Healthy Computing: Chest Stretch

As we keyboard and mouse we often round our shoulders and reach forward.
We may work like this for hours without ever stretching and lengthening
our muscles. Sustaining this posture day after day can result in
shortening the muscles of the chest, overusing the muscles of the upper
back and neck, and over-stretching ligaments, which can be quite painful.
Relax and loosen your muscles when you do a CHEST STRETCH.

HOW TO DO A CHEST STRETCH:

A note of caution: if doing this stretch causes you pain, numbness or
tingling then, stop; you may need to seek medical advice.

Sit comfortably erect (neutral) in your chair with your back fully
supported. Place your feet shoulder width apart on the floor. Interlace
your fingers behind your neck with your palms touching the bottom of your
head and the top of your neck.

As you exhale, let your head drop down and curl forward while gently
pressing your back into the chair. As you inhale, return to a neutral
posture. Now, as you exhale reverse your posture by pulling your head and
elbows backward while slightly arching your backfeel a gentle stretch of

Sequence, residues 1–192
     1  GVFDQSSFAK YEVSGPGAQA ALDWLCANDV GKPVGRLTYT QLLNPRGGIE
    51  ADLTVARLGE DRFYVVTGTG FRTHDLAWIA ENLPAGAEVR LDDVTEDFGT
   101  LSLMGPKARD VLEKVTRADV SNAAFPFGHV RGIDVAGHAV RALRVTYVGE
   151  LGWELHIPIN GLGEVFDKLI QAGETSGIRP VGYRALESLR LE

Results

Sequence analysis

your chest. Make sure to use the chair back for support. Hold this
position for two or three deep abdominal breaths during which you allow
more stretch with each exhalation. Be gentle, not forceful.

On the next exhalation, curl and drop your head and elbows forward. Relax
while keeping your hands interlaced behind your head and neck.

Repeat this cycle three times.

Optional: reverse the breathing pattern and inhale as you move from
neutral (e.g., inhale when you curl forward and when you arch backward).

Repeat this or other movement practices many times during the day.

We thank Candy Frobish, OTR/CHT for her helpful suggestions with this tip.

Invalid OAuth access token.
Erik Peper PhD Written by Erik Peper PhD

We Humbly Recommend